The cDNA for the α-chain of human fibrinogen codes for 15 amino acids at the carboxyl terminus that are not found in the native protein circulating in plasma. In the present studies, experiments were designed to test whether the carboxyl extension was required for fibrinogen assembly or was simply the result of limited proteolysis and maturation of the protein during or following secretion. Baby hamster kidney cells were transfected with cDNAs coding for the α-, β-, and γ-chains, and the recombinant fibrinogen secreted into the cell culture medium was identified either with an antibody against the mature molecule or with an antibody directed toward the carboxyl extension of the α-chain. The secreted protein contained primarily two species of α-chains, including one with the carboxyl extension and one that was the same as that in plasma fibrinogen. A mutant fibrinogen, in which Arg- 611 at the putative cleavage site in the α-chain was converted to Gly, was also readily assembled, and, in this case, the protein was secreted with the α-chain carboxyl extension. Similarly, a mutant fibrinogen that completely lacked the carboxyl extension of the α-chain was assembled and secreted from the transfected baby hamster kidney cells. These two mutants with modified α-chains were readily clotted by thrombin and cross-linked by factor XIIIa. These results indicate that the α-chain carboxyl extension in fibrinogen is not required for assembly or secretion of the molecule. Accordingly, it was concluded that the cleavage of the α-chain removing the carboxyl-terminal 15 amino acids is a normal and specific processing event occurring during the maturation of the protein.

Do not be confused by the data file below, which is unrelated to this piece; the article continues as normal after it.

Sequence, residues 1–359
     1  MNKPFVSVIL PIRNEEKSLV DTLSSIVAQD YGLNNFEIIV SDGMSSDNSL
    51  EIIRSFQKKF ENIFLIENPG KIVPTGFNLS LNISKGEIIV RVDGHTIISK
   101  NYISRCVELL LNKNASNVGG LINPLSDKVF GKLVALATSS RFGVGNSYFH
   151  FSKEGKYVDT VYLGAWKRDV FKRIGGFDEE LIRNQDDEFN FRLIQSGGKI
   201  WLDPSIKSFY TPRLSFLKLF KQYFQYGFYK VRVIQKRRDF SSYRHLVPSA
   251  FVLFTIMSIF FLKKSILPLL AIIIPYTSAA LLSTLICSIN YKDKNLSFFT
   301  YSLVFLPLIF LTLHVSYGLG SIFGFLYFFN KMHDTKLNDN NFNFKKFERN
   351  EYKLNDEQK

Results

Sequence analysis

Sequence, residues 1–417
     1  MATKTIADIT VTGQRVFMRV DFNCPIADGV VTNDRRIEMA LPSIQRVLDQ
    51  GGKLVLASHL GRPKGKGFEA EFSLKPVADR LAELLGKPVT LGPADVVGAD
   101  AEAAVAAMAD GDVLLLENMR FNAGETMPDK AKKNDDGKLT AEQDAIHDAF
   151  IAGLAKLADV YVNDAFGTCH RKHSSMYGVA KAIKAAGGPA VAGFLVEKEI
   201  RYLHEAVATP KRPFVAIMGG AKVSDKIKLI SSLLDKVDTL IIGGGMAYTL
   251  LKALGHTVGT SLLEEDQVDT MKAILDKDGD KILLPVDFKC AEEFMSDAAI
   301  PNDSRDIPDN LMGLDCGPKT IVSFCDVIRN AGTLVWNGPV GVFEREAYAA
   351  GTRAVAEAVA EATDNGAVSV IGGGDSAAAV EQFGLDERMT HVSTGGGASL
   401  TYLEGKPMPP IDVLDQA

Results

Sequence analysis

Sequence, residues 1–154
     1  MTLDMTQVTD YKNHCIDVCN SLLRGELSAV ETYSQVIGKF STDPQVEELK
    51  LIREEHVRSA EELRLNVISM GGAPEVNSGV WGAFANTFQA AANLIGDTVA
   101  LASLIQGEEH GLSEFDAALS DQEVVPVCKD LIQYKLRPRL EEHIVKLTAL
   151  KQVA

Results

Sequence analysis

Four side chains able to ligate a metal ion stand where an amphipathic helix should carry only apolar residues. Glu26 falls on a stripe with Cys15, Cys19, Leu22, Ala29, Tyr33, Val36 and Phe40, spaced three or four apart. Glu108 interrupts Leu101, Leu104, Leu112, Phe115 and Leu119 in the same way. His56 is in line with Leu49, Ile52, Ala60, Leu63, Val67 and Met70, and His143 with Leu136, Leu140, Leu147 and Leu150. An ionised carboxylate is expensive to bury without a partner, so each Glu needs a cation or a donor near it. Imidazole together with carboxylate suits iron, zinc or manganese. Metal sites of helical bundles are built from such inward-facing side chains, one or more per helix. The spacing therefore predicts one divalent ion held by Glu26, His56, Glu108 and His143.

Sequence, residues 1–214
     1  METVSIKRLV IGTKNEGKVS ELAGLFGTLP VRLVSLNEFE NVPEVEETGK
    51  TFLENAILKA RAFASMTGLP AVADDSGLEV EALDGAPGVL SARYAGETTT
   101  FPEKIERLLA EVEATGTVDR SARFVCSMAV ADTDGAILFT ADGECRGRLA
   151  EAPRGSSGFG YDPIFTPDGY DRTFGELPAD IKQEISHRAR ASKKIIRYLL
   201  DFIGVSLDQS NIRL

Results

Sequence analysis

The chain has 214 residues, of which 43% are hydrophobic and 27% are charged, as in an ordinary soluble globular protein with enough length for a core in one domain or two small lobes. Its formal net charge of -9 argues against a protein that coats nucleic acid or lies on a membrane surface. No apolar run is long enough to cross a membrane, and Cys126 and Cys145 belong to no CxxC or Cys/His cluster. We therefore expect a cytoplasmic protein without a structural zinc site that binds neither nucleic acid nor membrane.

|Original language||English (US)|
|Number of pages||5|
|Journal||Journal of Biological Chemistry|
|State||Published - 1993|
ASJC Scopus subject areas
- Molecular Biology
- Cell Biology